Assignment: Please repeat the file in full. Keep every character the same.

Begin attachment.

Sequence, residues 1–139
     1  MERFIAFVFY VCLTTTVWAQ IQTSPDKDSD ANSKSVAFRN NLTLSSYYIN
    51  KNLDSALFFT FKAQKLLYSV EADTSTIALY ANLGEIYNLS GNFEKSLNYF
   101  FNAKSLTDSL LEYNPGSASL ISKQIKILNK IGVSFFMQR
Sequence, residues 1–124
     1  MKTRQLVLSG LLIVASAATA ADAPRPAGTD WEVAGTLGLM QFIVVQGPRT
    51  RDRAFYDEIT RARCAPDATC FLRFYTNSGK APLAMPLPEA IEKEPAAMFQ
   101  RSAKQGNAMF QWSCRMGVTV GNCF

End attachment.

Sequence, residues 1–139
     1  MERFIAFVFY VCLTTTVWAQ IQTSPDKDSD ANSKSVAFRN NLTLSSYYIN
    51  KNLDSALFFT FKAQKLLYSV EADTSTIALY ANLGEIYNLS GNFEKSLNYF
   101  FNAKSLTDSL LEYNPGSASL ISKQIKILNK IGVSFFMQR
Sequence, residues 1–124
     1  MKTRQLVLSG LLIVASAATA ADAPRPAGTD WEVAGTLGLM QFIVVQGPRT
    51  RDRAFYDEIT RARCAPDATC FLRFYTNSGK APLAMPLPEA IEKEPAAMFQ
   101  RSAKQGNAMF QWSCRMGVTV GNCF